12

12

Twelve angry Russian men.

(Sony Classics) Sergei Markovetsky, Nikita Mikhalkov, Sergei Garmash, Alexei Petrenko, Valentin Graft, Yuri Stoyanov, Mikhail Efremov, Sergei Gazarov, Alexander Abadashan, Viktor Verzhbitsky, Alexei Gorbunov, Roman Madianov, Sergei Artsybashov, Apti Magamaev. Directed by Nikita Mikhalkov

A trial of our peers, twelve good and true. Our justice system is based on it, as is the justice systems of other countries as well. We entrust the fate of accused criminals to twelve jurors and expect that they will make their decision impartially and fairly. Of course, any jury is made of twelve human beings and any human being is a slave to their own preconceptions.

In Moscow, the murder trial of a Chechen teen (Magamaev) accused of killing his adopted Russian father has concluded and the jury has been sent off to deliberate. Because of renovations being done at the courthouse, the jury has been sent to a neighboring school to use their gymnasium for that purpose. Nobody expects them to be gone long; after all, the evidence is pretty cut and dried.

With no working phones (this is Russia, after all), the bailiff hands them a homemade walkie talkie in case they need anything (unlikely) or reach a verdict (more likely). After a bit of bantering and electing a foreman, they cast their first vote, expecting a unanimous guilty verdict. When the votes are counted up, they are astonished to find that one of their number has voted “not guilty.”

So begins the odyssey of twelve Russian men, some angry, some not so much. This is a disparate group; one is a Harvard-educated mama’s boy, another a flinty anti-Semite; one is a bit of a clown and another is an intellectual. All are linked by the events they have been only described to them. What it all means and what will happen to a young Chechen boy is up to them.

The movie is ostensibly a remake of the classic courtroom drama Twelve Angry Men but it is more accurate to call it a movie based on the original. The writer of the original movie, Reginald Rose, is given screen credit but little more than the concept remains. While the original was something of an indictment of McCarthyism, this one is far more Russian and carries additional layers. While not as tense as the original movie, it nonetheless has a great deal of power of its own.

The movie is extremely well-acted, although in Russian so we miss a lot of nuances by having to read subtitles constantly. It unfolds like a Russian epic, Dostoyevsky gone Hollywood, and in some ways it feels like “Crime and Punishment” with an edge.

Each of the characters is fleshed out nicely, never coming off as a caricature or a cliché but curiously, none of the characters are given names. They are all identified as juror numbers or as some sort of title and yet they all like real people walking the streets of Moscow. As they are called upon to defend their positions, they reveal something about themselves, which in turn reveals to us something about modern Russia. There is some very powerful stuff here.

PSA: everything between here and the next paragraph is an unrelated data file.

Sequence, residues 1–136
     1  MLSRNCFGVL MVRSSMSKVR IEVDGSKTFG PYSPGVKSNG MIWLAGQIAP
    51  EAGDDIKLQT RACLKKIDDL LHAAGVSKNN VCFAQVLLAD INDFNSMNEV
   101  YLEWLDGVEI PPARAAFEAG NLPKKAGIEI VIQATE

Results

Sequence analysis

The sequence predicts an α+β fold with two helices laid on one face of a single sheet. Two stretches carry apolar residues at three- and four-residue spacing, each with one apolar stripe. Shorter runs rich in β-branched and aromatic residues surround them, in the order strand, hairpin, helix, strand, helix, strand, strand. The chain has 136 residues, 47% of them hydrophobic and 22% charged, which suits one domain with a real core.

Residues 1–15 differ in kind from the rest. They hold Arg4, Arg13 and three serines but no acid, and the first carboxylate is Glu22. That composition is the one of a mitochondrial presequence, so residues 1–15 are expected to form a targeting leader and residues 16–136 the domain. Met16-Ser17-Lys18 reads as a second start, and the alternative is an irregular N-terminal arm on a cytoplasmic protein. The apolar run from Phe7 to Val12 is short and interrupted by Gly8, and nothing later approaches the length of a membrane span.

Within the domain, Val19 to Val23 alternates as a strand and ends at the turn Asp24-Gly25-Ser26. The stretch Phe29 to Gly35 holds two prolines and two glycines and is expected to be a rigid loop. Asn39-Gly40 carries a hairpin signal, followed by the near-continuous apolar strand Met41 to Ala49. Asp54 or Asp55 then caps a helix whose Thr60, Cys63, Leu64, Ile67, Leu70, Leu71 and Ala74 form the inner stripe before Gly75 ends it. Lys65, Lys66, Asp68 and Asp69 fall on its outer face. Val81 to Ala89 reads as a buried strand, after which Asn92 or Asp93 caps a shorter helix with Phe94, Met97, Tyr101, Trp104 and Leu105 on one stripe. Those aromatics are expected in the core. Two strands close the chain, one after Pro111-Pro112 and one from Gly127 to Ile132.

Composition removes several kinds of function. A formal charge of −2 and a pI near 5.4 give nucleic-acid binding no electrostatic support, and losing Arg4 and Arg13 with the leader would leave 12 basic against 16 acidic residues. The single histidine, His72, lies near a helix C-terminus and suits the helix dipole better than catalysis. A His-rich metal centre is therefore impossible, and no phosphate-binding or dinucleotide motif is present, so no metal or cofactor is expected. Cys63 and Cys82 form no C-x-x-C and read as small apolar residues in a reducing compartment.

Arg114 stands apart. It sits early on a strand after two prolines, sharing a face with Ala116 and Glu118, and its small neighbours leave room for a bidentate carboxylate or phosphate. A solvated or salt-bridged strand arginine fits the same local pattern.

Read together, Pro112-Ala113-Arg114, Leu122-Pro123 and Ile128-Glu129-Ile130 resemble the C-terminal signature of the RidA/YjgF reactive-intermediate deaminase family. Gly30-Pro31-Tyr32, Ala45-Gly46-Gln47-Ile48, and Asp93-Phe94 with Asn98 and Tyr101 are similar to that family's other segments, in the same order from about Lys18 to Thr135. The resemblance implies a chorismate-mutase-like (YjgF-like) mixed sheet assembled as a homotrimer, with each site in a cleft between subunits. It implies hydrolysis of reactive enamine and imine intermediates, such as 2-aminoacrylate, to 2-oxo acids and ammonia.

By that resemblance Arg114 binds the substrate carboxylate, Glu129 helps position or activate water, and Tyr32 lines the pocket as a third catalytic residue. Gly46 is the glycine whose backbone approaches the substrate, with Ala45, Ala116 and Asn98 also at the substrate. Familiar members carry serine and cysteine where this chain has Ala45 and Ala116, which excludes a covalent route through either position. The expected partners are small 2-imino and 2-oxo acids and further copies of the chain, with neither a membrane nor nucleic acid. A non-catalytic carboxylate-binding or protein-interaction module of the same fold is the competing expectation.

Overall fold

Russian attitudes also come into play. There is a palpable hatred of the Chechens by the Muskovites; it permeates their reasoning, particularly when it comes to this particular crime. Does it compare to white American attitudes towards the African-American in the 1950s? Probably not, but its pretty close.

This is the kind of movie that transcends language. Even if you aren’t Russian and don’t understand the Russian mentality, you’ll be moved by what you see here. It shows in clear, distinct detail that we are more alike than unalike, and that the same things that trouble folks in Moscow trouble folks in Montana. Those things need no translation.

WHY RENT THIS: A rare look inside the Russian legal system, as well as insight into the modern Russia and modern Russians. At times this is very powerful and very moving.

WHY RENT SOMETHING ELSE: We miss many nuances due to the translation and watching of subtitles. Russians are very fond of irony so we miss facial expressions while reading subtitles that give us further clarity.

FAMILY VALUES: There are some violent scenes, as well as some drug references and sexual references but it’s the tension and overall mature theme of the movie that makes it unsuitable for younger audiences.

TRIVIAL PURSUIT: Director Mikhalkov, only the third Russian director to win an Oscar, is the son of the man who wrote the lyrics to the national anthem of the Soviet Union.

NOTABLE DVD EXTRAS: None listed.

FINAL RATING: 8/10

TOMORROW: Titanic

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